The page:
<date>     <fct>       <chr>                                            <chr>
 1 2015-01-05 Aries       Considering the fact that this past week (espec… http…
 2 2015-01-05 Taurus      It's time Taurus. You aren't one to be rushed a… http…
 3 2015-01-05 Gemini      Soon it will be time to review what you know, t… http…
 4 2015-01-05 Cancer      Feeling  feelings and being full of flavorful s… http…
 5 2015-01-05 Leo         Look, listen, watch, meditate and engage in pra… http…
 6 2015-01-05 Virgo       Last week's astrology is still reverberating th… http…
 7 2015-01-05 Libra       Get out your markers and your glue sticks. Get … http…
 8 2015-01-05 Scorpio     Time to pay extra attention to the needs of you… http…
 9 2015-01-05 Sagittarius Everything right now is about how you say it, h… http…
10 2015-01-05 Capricorn   The full moon on January 4th/5th was a healthy … http…
# … with 1,262 more rows

There are four variables: “startdate”, “zodiacsign”, “horoscope”, and “url” (note that URL is out-of-date because the website has been updated, for instance, the first one refers to here). We are interested in the words that are used to distinguish the horoscope of each zodiac sign.

horoscopes |>
  count(zodiacsign)
# A tibble: 12 × 2
   zodiacsign      n
   <fct>       <int>
 1 Aries         106
 2 Taurus        106
 3 Gemini        106
 4 Cancer        106
 5 Leo           106
 6 Virgo         106
 7 Libra         106
 8 Scorpio       106
 9 Sagittarius   106
10 Capricorn     106
11 Aquarius      106
12 Pisces        106

We can see that there are 106 horoscopes for each zodiac sign. In this example we first tokenize by word, and then create counts based on zodiac sign only, not date. We use tidytext (Silge and Robinson 2016), as it is used extensively in Hvitfeldt and Silge (2021).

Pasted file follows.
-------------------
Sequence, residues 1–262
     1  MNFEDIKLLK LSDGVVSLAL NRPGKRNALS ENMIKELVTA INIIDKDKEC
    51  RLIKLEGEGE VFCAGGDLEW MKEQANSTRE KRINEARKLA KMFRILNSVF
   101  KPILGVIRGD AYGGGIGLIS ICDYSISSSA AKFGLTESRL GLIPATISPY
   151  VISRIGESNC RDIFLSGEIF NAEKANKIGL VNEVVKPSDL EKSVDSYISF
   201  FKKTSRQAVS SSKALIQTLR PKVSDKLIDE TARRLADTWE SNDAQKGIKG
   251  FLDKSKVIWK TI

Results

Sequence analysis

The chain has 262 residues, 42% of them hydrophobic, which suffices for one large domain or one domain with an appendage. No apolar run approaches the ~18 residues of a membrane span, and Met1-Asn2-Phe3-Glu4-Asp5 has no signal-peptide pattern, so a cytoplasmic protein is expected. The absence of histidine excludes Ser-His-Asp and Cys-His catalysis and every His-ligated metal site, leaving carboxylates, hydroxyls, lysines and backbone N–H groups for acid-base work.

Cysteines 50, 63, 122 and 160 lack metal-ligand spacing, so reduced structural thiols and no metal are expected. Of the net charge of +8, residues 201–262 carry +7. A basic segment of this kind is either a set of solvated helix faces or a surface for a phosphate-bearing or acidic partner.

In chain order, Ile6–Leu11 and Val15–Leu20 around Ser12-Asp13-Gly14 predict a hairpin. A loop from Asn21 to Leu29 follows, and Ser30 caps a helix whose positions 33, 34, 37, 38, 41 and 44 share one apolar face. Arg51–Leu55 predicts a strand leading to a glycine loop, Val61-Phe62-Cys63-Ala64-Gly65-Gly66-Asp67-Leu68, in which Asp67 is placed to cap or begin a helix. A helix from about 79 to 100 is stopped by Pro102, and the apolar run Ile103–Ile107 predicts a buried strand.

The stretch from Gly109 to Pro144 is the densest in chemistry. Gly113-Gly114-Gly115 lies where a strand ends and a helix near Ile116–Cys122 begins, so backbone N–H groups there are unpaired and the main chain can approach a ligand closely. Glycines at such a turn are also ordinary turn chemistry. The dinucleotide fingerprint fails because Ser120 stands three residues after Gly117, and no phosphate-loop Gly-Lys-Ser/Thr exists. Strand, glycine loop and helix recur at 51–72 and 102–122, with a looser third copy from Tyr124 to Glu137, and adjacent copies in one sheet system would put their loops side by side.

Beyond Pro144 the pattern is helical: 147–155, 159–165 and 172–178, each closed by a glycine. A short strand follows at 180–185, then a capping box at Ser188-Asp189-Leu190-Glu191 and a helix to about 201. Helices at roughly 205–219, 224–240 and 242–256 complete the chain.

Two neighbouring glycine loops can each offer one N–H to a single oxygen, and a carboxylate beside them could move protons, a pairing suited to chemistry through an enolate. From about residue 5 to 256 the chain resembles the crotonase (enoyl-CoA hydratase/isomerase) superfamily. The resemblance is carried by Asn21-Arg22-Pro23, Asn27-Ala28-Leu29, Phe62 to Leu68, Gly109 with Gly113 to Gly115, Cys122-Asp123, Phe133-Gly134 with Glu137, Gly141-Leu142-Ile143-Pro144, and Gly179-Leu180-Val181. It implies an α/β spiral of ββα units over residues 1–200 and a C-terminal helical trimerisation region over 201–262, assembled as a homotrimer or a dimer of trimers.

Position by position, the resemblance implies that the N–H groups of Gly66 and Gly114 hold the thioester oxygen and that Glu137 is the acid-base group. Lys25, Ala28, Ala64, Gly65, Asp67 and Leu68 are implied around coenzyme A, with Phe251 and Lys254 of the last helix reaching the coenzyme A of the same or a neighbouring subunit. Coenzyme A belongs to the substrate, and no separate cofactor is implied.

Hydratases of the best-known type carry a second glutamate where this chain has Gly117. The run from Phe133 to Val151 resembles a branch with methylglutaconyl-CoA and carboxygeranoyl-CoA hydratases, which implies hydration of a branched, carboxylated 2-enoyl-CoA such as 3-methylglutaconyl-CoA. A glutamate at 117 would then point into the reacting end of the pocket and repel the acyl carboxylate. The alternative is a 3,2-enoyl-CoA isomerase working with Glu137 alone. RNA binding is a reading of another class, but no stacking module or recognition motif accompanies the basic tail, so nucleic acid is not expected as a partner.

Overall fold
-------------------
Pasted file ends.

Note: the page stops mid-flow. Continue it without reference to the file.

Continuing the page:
library(tidytext)

horoscopes_by_word <-
  horoscopes |>
  select(-startdate, -url) |>
  unnest_tokens(
    output = word,
    input = horoscope,
    token = "words"
  )

horoscopes_counts_by_word <-
  horoscopes_by_word |>
  count(zodiacsign, word, sort = TRUE)

head(horoscopes_counts_by_word)
# A tibble: 6 × 3
  zodiacsign  word      n
  <fct>       <chr> <int>
1 Cancer      to     1440
2 Sagittarius to     1377
3 Aquarius    to     1357
4 Aries       to     1335
5 Pisces      to     1313
6 Leo         to     1302

We can see that the most popular words appear to be similar for the different zodiacs. At this point, we could use the data in a variety of ways. We might be interested to know which words characterize each group—that is to say, which words are commonly used only in each group. We can do that by first looking at a word’s term frequency (TF), which is how many times a word is used in the horoscopes for each zodiac sign. The issue is that there are a lot of words that are commonly used regardless of context. As such, we may also like to look at the inverse document frequency (IDF) in which we “penalize” words that occur in the horoscopes for many zodiac signs. A word that occurs in the horoscopes of many zodiac signs would have a lower IDF than a word that only occurs in the horoscopes of one. The term frequency–inverse document frequency (tf-idf) is then the product of these.

We can create this value using bind_tf_idf() from tidytext. It will create new variables for each of these measures.

horoscopes_counts_by_word_tf_idf <-
  horoscopes_counts_by_word |>
  bind_tf_idf(
    term = word,
    document = zodiacsign,
    n = n
  ) |>
  arrange(-tf_idf)

horoscopes_counts_by_word_tf_idf
# A tibble: 41,850 × 6
   zodiacsign  word            n       tf   idf   tf_idf
   <fct>       <chr>       <int>    <dbl> <dbl>    <dbl>
 1 Capricorn   goat            6 0.000236  2.48 0.000585
 2 Pisces      pisces         14 0.000531  1.10 0.000584
 3 Sagittarius sagittarius    10 0.000357  1.39 0.000495
 4 Cancer      cancer         10 0.000348  1.39 0.000483
 5 Gemini      gemini          7 0.000263  1.79 0.000472
 6 Taurus      bulls           5 0.000188  2.48 0.000467
 7 Aries       warns           5 0.000186  2.48 0.000463
 8 Cancer      organize        7 0.000244  1.79 0.000437
 9 Cancer      overwork        5 0.000174  2.48 0.000433
10 Taurus      let's          10 0.000376  1.10 0.000413
# … with 41,840 more rows

In Table 16.1 we look at the words that distinguish the horoscopes of each zodiac sign. The first thing to notice is that some of them have their own zodiac sign. On the one hand, there is an argument for removing this, but on the other hand, the fact that it does not happen for all of them is perhaps informative of the nature of the horoscopes for each sign.